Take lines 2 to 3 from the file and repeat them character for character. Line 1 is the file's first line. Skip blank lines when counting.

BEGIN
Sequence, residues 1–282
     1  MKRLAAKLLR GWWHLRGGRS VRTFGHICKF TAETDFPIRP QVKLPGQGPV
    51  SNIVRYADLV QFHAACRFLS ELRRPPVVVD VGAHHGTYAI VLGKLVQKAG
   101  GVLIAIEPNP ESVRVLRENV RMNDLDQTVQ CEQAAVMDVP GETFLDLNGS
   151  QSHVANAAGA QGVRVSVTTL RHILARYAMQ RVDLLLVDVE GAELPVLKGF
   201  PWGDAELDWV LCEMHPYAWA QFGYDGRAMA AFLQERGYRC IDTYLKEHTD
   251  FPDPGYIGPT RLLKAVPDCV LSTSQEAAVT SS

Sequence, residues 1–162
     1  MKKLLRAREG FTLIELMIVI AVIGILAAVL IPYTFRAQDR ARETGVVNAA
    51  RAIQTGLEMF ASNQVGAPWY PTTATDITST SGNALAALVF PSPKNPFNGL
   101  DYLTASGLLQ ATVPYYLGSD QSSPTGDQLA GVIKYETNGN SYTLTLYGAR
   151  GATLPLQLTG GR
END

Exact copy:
     1  MKRLAAKLLR GWWHLRGGRS VRTFGHICKF TAETDFPIRP QVKLPGQGPV
    51  SNIVRYADLV QFHAACRFLS ELRRPPVVVD VGAHHGTYAI VLGKLVQKAG